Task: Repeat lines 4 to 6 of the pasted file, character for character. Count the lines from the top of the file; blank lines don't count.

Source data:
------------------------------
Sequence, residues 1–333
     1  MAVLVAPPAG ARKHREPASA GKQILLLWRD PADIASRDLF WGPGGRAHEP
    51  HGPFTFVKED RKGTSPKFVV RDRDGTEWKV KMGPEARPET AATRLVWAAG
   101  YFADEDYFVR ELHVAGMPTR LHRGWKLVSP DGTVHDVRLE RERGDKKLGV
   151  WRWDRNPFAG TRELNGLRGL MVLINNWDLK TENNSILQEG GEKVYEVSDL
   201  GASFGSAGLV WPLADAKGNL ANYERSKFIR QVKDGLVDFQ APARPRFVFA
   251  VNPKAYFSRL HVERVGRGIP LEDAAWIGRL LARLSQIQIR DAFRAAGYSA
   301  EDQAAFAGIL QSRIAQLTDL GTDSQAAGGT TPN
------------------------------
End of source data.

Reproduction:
   101  YFADEDYFVR ELHVAGMPTR LHRGWKLVSP DGTVHDVRLE RERGDKKLGV
   151  WRWDRNPFAG TRELNGLRGL MVLINNWDLK TENNSILQEG GEKVYEVSDL
   201  GASFGSAGLV WPLADAKGNL ANYERSKFIR QVKDGLVDFQ APARPRFVFA